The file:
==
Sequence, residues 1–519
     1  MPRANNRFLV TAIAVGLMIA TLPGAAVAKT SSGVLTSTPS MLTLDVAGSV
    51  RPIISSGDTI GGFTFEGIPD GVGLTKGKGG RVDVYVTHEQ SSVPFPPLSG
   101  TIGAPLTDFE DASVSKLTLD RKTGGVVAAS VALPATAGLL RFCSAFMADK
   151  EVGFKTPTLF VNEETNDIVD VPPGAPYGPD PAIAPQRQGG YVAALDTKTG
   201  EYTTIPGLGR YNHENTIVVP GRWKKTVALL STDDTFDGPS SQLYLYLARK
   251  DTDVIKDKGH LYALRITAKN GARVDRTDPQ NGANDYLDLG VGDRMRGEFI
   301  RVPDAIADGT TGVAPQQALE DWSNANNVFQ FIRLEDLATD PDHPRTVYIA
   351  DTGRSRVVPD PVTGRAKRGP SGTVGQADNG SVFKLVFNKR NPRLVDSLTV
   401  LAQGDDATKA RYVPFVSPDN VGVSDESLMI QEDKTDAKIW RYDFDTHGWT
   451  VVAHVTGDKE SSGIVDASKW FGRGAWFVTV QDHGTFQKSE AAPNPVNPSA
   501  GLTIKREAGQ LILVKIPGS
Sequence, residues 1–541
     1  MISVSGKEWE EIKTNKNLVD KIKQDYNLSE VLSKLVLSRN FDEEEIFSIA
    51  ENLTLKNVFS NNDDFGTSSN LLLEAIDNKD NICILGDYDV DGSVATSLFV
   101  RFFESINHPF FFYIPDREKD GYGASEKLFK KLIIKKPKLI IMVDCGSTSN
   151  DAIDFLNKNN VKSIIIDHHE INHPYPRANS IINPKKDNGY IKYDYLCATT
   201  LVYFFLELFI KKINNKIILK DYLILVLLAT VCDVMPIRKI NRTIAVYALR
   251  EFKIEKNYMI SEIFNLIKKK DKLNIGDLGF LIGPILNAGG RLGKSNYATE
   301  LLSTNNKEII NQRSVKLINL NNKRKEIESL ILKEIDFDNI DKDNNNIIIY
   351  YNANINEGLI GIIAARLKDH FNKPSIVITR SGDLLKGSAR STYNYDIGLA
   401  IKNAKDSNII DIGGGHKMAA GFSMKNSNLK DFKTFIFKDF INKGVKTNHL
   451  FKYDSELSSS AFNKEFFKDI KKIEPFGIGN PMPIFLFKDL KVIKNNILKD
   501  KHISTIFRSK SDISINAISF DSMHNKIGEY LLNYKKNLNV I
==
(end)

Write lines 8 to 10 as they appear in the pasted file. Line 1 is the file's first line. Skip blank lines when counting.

   301  RVPDAIADGT TGVAPQQALE DWSNANNVFQ FIRLEDLATD PDHPRTVYIA
   351  DTGRSRVVPD PVTGRAKRGP SGTVGQADNG SVFKLVFNKR NPRLVDSLTV
   401  LAQGDDATKA RYVPFVSPDN VGVSDESLMI QEDKTDAKIW RYDFDTHGWT